Writing in the new issue of the Journal of Applied Ecology, Dr Rhys Green of the Royal Society for the Protection of Birds and University of Cambridge says: "Our study demonstrates that diclofenac concentrations in the tissues of treated cattle decline rapidly with time after the last injection. However, enough diclofenac remains to cause appreciable mortality (more than 10%) if birds were to take a large meal from the carcass of an animal that was given its last dose of the drug within a few days of death."
Dr Green and colleagues from the RSPB, University of Aberdeen, Bombay Natural History Society and the Zoological Society of London reported concentrations of diclofenac in tissues of treated Indian and European cattle. They found that the concentration of the drug is lower in muscle than in fat or internal organs, but declines more slowly in muscle with time since treatment (the half life of diclofenac in fat, intestine, liver and kidney is six to eight hours, compared with 15 hours in muscle).
This is the first detailed study of the exposure of vultures to diclofenac and the risk of death posed by each exposure. By improving the accuracy of the model of the relationship between diclofenac in cattle carcasses and vulture mortality, these new data will help conservationists trying to save the vultures from extinction.
According to Green: "This new information will help us to assess the danger to remaining vulture populations in Asia by using residues of diclofenac measured in field surveys of cattle and buffalo carcasses. Better means of interpreting such surveys will be essential for monitoring the effectiveness of future action taken to remove diclofenac from the food supply of vultures, such as recent government measures to restrict veterinary use of diclofenac and encourage its replacement by meloxicam."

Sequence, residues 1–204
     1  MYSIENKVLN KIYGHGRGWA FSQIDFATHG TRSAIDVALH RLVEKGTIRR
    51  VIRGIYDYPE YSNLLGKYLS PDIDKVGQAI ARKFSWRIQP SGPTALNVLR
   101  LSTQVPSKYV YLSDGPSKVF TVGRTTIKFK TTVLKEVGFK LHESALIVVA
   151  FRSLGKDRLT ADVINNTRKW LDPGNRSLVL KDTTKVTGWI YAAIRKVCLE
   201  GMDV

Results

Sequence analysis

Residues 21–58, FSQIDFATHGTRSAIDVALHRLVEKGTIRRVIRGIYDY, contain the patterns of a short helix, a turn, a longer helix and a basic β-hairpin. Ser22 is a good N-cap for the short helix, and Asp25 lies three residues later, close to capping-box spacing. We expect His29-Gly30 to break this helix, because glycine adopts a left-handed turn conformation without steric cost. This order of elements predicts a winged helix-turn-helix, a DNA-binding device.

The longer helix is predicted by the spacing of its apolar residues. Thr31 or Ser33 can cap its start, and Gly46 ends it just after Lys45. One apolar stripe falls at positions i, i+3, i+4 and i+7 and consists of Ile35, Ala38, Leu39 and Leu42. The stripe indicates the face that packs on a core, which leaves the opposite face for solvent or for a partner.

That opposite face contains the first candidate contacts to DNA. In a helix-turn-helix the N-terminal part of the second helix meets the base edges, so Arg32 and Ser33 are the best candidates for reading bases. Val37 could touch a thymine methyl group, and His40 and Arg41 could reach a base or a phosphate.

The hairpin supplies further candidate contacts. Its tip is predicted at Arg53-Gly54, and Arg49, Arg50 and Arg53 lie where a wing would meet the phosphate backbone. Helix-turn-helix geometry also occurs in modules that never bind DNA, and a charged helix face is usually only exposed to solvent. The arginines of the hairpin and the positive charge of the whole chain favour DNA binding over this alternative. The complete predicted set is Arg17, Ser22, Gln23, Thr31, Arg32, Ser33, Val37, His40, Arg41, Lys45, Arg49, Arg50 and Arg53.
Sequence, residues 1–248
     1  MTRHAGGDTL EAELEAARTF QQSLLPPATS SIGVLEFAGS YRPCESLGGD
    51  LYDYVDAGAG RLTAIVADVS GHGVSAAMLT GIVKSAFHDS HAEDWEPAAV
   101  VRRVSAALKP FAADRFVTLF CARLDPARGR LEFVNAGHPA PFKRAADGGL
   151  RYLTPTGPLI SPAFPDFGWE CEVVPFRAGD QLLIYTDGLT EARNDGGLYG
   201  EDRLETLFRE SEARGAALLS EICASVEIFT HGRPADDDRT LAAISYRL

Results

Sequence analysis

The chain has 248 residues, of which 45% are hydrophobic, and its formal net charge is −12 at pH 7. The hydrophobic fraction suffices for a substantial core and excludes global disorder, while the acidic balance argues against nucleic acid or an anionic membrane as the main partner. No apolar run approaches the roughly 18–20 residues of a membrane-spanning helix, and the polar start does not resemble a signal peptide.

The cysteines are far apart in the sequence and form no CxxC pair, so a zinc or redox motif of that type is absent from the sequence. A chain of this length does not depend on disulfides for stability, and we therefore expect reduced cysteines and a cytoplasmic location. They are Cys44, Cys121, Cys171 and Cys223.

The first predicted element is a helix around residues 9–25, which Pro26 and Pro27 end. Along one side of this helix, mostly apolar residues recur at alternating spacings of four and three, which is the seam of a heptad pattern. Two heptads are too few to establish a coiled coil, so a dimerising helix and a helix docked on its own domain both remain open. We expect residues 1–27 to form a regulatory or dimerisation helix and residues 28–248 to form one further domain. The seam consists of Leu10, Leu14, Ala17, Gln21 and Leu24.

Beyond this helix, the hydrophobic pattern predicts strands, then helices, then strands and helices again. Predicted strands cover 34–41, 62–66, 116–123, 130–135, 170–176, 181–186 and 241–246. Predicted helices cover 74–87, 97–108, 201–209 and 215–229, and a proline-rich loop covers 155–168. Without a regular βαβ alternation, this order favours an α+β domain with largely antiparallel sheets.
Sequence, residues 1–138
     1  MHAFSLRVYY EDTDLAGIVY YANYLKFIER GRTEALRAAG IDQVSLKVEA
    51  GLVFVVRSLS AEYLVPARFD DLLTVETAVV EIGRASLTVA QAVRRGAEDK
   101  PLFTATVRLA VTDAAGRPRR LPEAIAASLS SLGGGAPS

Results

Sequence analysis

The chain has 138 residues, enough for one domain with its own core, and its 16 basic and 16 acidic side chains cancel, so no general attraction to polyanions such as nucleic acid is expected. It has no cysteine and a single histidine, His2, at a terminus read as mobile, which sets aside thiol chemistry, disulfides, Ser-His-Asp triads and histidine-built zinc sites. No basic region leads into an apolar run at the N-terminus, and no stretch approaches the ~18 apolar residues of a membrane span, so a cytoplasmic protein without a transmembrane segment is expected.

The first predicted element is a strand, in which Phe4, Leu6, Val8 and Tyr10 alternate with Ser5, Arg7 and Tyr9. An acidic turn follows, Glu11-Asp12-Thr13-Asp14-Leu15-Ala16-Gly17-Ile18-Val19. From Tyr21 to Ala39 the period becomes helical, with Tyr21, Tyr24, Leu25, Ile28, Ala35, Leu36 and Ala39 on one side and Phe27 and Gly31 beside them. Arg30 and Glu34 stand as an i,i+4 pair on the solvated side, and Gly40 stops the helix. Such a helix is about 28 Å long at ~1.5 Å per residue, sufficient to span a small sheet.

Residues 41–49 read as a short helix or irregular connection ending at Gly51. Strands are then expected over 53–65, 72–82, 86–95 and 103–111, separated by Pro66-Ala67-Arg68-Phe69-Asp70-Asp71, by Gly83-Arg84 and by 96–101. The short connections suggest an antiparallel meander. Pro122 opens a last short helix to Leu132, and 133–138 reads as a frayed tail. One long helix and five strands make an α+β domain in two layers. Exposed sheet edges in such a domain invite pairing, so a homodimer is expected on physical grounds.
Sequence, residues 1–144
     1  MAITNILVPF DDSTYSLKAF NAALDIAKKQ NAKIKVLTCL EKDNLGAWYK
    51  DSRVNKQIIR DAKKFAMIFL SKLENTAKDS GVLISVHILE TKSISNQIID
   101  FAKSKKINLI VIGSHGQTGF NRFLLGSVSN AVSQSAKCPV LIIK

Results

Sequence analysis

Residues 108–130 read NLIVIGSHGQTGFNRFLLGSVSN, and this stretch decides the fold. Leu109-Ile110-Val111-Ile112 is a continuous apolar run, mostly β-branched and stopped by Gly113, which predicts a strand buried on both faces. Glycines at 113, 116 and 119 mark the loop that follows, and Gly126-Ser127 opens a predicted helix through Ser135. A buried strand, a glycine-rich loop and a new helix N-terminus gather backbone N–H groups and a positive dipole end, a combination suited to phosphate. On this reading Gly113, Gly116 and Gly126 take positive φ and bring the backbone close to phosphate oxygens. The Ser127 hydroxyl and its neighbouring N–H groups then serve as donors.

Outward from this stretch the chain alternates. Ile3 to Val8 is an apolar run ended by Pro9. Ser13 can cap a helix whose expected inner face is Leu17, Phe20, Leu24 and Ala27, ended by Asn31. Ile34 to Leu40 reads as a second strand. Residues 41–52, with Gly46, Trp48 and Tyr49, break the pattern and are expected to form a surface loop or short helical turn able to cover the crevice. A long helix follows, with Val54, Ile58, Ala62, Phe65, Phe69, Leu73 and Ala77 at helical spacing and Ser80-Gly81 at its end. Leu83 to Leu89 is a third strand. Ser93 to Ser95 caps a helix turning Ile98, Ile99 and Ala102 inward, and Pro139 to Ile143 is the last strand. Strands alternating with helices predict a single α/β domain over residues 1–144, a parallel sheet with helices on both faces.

The governments of India and Nepal have both recently placed legal restrictions on veterinary diclofenac. From 12 August 2006 the production and importation of veterinary diclofenac is no longer permitted in India, and Nepal has also recently deregistered diclofenac, preventing the manufacture or import of the drug. Both countries are promoting the use of meloxicam as a safe alternative to diclofenac.
Populations of three species of South Asian vulture - the white-backed vulture (Gyps bengalensis), the long-billed vulture (Gyps indicus) and the slender-billed vulture (Gyps tenuirostris) have declined rapidly within the last decade and all are now critically endangered. Diclofenac causes fatal kidney failure in vultures and residues of the drug have been found in most carcasses of wild vultures tested since the population decline began. "Diclofenac poisoning is the main, and possibly the only, cause of the vulture decline," Green says.
Becky Allen | EurekAlert!
International network connects experimental research in European waters
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